It’s law vs. justice with Botham Jean, and Black America must deal with it

Botham Shem Jean. Photo: Facebook/Botham Shem Jean and Amber Guyger/Dallas Sheriffs Office)

[Disclaimer: the views expressed are solely those of the writer.]

Famed US Supreme Court Justice Oliver Wendell Holmes once stated, “This is a Court of Law, not a Court of Justice” to a young lawyer during a case. Some interpret Holmes words as meaning that justice cannot be given without the due process of the law being followed. At its root, it is the concept that just because a person may be the victim of a criminal act, the offender has legal rights also that cannot be overlooked, no matter how egregious the circumstances. So it seems that this is the struggle many Black Americans and political pundits are facing with the shooting of Botham Jean by Dallas Police Officer Amber Guyger.

After killing Botham Jean, Guyger claimed that she mistakenly entered his apartment and shot him when he failed to obey her verbal commands. She was eventually arrested and charged with manslaughter three days later and bonded out two hours later without spending a night in jail for the homicide of Botham Jean. Soon, the public learned that a search warrant was issued for the home of the shooting victim and a small amount of marijuana was found. The smear campaign began and the family attorney called the police investigation “nefarious” and questioned the motivation of the Texas rangers, who stated that the shooting was “without malice.”

Most can see there is something inherently wrong with this picture. The public is being asked to suspend their disbelief over the facts of the shooting and instead listen to the words of a cop who claims she killed a Black man relaxing in his home by mistake. The public has been told she was part of an elite unit and well honed in her investigative skills and that it was all an accident. Here is what the public at large is supposed to understand:

  • She ended her shift and clocked out correctly.
  • She knew enough to go to the correct police locker and retrieve her belongings.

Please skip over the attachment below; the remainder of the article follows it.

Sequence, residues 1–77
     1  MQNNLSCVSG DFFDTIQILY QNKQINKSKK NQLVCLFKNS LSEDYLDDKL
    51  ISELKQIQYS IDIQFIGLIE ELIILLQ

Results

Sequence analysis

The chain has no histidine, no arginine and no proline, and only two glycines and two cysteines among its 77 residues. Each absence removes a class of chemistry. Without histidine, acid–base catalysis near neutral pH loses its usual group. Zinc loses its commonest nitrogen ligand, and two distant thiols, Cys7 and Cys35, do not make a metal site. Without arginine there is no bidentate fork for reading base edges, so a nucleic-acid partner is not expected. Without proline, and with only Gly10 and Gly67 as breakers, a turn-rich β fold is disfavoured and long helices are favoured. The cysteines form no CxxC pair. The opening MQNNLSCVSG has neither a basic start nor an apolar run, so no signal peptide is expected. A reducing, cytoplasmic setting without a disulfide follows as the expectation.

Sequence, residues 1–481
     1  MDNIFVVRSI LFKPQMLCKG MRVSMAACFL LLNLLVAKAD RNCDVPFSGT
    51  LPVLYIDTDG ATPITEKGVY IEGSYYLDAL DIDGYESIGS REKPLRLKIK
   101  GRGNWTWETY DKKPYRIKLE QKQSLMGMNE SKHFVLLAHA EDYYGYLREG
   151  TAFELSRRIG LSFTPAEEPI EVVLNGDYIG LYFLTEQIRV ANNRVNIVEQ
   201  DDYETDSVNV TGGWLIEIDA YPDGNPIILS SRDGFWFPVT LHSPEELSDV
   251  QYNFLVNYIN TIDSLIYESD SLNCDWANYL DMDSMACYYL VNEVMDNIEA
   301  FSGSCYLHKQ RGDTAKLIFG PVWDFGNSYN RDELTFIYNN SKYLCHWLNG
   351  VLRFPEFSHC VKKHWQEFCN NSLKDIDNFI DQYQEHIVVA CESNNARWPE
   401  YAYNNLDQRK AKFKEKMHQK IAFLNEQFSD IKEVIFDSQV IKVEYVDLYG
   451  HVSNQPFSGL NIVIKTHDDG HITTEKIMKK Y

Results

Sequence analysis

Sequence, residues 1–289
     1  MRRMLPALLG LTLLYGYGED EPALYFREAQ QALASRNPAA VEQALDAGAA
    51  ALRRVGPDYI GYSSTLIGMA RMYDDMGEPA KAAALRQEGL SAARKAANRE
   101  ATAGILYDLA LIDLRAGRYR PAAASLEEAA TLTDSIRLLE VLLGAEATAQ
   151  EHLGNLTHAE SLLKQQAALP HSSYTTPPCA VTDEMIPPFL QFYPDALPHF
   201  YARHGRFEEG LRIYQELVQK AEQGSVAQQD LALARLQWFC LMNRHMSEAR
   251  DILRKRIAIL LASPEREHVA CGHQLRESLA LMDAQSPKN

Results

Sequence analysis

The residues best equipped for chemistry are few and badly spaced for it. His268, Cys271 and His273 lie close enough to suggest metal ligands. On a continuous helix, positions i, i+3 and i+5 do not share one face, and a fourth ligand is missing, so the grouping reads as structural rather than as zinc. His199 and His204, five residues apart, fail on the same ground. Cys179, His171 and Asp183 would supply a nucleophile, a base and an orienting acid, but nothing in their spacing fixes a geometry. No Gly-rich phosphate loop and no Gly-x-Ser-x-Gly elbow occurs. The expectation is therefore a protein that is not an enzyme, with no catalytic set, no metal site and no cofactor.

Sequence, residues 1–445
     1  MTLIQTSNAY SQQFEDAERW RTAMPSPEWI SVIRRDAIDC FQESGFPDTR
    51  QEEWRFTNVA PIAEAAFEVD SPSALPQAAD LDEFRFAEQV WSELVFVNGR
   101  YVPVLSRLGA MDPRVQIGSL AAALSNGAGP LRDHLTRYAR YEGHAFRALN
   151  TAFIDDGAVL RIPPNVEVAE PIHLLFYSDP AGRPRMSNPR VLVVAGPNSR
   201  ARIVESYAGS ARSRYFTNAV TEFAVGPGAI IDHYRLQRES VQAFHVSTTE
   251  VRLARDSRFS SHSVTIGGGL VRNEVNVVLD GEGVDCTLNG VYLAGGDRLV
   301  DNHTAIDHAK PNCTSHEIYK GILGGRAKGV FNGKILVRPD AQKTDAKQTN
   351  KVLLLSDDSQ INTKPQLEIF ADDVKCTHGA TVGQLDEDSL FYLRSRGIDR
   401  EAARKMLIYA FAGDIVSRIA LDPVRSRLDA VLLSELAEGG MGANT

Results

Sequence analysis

• She knew where her car was parked at in the police parking lot and got into the correct vehicle with her correct set of keys.
  • She correctly drove from work to her correct apartment building.
  •  Then upon entering her parking deck she suddenly was struck with forgetfulness and parked on the wrong level. But she remembered to get her keys and belongings.
  • She then went to the wrong apartment that had a red placemat in front, something she never had at her residence. Then she fails to recognize the lighted apartment numbers on the wall.
  • She then tries to use her keys which do not work on the wrong apartment and gives two different stories on how she wound up murdering  Botham Shem.
  •  She turns on the lights and realizes that she is in the wrong apartment and calls 911 as Botham breathes his last on the floor.

It’s a hell of a story for many to swallow and to believe that the police are not continuing to give Guyger preferential treatment while clamping down on dissent. This preferential treatment even allowed her to clean up and delete most of her social media and move out of her residence without a search warrant being issued.

This week, nine people who protested the unlawful shooting of Botham Jean were jailed for 15 hours until they could be appear before a judge. These nine peaceful protesters have spent more time in jail for use of free speech than Guyger got for using her gun and manslaughter charges. The nine protesters blocked the entrance to an NFL game at AT&T Stadium this past Sunday in Dallas, Texas. By the time police arrived to tell them to disperse, the group was already walking away. But according to media outlet Blavity, the group was arrested and charged with obstructing a pathway, a class B misdemeanor.

It must be asked: will Black America be shown what the law requires or what justice demands?

Mo Barnes
Mo Barnes

Maurice "Mo" Barnes is a graduate of Morehouse College and Political Scientist based in Atlanta. Mo is also a Blues musician. He has been writing for Rolling Out since 2014. Whether it means walking through a bloody police shooting to help a family find justice or showing the multifaceted talent of the Black Diaspora I write the news.



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